Sunday, February 28, 2010

canon-making, in progress

[Lest we forget, here's Francis Jeffrey, the Helen Vendler of his day, writing in the Edinburgh Review in October 1829:]

The tuneful quartos of Southey are already little better than lumber: – and the rich melodies of Keats and Shelley, – and the fantastical emphasis of Wordsworth, – and the plebeian pathos of Crabbe, are melting fast from the field of our vision. The novels of Scott have put out his poetry. Even the splendid strains of Moore are fading into distance and dimness, except where they have been married to immortal music; and the blazing star of Byron himself is receding from its place of pride.... The two who have the longest withstood this rapid withering of the laurel, and with the least marks of decay on their branches, are [Samuel] Rogers and [Thomas] Campbell; neither of them, it may be remarked, voluminous writers, and both distinguished rather for the fine taste and consummate elegance of their writings, than for that fiery passion, and disdainful vehemence, which seemed for a time to be so much more in favour with the public.


plainwater said...

Ha! right there with him up until the end. Lovely.

Vance Maverick said...

From an article praising Felicia Hemans, I see.

Maybe most strikingly, he doesn't attempt to argue that e.g. Scott's novels eclipsed his poetry: he just tells us. Was he tracking their Amazon sales rankings, or what? Blowing smoke?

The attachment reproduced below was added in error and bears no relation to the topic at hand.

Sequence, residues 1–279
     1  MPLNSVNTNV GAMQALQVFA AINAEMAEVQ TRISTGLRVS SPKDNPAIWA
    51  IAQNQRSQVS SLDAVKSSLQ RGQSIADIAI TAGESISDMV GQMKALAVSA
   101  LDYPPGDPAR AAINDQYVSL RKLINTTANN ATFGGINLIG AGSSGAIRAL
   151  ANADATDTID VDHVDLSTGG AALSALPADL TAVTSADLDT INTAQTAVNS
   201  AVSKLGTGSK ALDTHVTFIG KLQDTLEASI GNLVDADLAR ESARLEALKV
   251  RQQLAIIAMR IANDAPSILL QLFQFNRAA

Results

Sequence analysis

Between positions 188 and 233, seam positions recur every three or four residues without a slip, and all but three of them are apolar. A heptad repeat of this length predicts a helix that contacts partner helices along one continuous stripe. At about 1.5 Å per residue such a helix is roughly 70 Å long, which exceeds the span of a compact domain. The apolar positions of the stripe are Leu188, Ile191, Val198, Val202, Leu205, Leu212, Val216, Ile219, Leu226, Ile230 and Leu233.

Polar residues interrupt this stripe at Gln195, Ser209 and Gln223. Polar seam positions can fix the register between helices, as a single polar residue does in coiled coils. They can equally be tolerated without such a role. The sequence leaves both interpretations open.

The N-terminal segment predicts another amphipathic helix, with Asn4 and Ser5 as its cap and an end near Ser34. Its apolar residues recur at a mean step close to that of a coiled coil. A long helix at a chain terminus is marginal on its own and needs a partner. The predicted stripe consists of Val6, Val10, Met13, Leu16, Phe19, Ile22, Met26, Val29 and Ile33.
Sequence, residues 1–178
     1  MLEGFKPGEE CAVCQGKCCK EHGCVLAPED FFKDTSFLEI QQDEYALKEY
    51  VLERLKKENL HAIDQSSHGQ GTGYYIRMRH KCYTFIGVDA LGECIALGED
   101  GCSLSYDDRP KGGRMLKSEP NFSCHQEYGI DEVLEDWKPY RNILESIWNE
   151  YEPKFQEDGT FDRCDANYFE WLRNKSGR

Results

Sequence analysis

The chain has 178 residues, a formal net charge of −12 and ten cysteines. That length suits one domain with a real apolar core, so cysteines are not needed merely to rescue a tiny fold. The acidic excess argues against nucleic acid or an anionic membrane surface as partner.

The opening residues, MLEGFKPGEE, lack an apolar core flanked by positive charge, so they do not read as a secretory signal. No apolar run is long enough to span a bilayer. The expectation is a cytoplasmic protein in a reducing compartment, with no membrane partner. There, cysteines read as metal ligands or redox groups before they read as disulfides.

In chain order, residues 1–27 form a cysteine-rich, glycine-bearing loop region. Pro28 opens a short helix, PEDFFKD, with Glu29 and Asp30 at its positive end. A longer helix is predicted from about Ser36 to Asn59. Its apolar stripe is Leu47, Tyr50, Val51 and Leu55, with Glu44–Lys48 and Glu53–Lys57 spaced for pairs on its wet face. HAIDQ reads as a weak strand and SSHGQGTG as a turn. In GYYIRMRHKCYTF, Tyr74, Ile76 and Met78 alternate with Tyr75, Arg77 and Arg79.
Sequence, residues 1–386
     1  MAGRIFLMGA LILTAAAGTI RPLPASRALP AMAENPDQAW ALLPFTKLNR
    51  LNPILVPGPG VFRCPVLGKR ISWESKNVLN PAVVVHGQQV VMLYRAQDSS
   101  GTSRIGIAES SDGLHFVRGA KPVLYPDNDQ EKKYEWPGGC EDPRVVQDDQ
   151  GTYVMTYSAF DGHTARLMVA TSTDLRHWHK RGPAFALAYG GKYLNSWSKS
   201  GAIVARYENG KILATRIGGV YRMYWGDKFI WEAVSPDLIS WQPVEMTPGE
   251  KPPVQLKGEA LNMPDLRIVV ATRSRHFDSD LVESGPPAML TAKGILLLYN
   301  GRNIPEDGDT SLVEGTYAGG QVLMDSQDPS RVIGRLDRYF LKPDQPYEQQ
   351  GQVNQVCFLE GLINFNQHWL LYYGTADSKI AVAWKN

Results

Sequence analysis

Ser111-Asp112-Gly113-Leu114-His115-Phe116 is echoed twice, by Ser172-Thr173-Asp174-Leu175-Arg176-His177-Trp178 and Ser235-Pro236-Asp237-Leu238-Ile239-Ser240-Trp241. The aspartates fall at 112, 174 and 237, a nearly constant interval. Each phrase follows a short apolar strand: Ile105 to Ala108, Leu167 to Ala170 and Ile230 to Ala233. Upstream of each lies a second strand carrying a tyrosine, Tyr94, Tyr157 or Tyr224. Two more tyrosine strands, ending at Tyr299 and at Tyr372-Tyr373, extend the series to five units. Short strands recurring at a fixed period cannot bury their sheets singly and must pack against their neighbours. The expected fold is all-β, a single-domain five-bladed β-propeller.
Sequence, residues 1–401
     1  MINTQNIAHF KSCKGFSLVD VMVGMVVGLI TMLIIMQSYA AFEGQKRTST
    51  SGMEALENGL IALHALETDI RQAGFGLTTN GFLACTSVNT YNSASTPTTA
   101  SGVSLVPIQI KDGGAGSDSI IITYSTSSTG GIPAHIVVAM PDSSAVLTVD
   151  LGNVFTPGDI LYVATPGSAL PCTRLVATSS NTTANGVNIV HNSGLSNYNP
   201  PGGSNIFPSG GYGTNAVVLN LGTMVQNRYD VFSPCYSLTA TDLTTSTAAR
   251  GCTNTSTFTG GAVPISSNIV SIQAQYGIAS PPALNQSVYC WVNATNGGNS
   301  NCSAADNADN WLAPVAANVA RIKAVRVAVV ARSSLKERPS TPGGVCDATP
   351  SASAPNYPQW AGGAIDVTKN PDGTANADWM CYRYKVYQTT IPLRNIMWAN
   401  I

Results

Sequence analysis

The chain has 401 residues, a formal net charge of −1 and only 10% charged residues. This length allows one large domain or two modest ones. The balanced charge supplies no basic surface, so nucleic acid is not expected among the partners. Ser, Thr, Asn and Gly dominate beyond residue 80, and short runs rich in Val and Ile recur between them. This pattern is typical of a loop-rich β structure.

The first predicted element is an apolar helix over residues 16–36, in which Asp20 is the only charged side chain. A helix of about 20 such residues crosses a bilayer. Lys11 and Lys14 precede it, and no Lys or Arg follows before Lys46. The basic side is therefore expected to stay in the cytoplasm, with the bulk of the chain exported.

Mark Scroggins said...

Oh, don't make me get up & look at my Scott bios, Vance! Scott's poetic productions pretty much trailed off after his kinda unexpected success with Waverley. The novels following Waverley were incredible public successes, and by 1829 it'd been a looong time since he'd written a sustained narrative poem of the sort his early reputation had been built on, & he'd acknowledged being "The Author of Waverley" in 1827 -- so Jeffrey's assessment is pretty much on target, both from a sales & a "career curve" point of view.

Vance Maverick said...

[hope this isn't a repost]

Sorry, Mark, I definitely wasn't asking you to do my homework. Just surprised at the serene self-confidence of the claims, without even token substantiation in the text.

E. M. Selinger said...

I just passed this along to my curriculum committee--we can read it aloud the next time anyone weighs in about "making sure our students know the canon."